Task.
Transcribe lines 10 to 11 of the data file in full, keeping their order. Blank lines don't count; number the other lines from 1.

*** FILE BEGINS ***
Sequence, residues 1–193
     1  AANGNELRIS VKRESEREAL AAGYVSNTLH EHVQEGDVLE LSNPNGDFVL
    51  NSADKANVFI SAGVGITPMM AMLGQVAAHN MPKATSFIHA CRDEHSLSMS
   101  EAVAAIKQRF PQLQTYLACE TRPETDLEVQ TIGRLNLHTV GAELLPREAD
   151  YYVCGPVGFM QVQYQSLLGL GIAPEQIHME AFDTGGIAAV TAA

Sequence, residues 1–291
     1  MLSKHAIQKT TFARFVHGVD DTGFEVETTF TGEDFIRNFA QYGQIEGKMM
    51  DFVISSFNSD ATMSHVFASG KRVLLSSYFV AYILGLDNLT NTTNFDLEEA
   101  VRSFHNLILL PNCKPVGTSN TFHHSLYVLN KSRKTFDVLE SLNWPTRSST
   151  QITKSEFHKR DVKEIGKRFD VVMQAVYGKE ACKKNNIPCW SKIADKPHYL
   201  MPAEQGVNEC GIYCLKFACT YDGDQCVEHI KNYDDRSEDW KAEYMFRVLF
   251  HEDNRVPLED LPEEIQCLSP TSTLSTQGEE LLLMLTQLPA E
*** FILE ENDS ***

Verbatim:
   151  QITKSEFHKR DVKEIGKRFD VVMQAVYGKE ACKKNNIPCW SKIADKPHYL
   201  MPAEQGVNEC GIYCLKFACT YDGDQCVEHI KNYDDRSEDW KAEYMFRVLF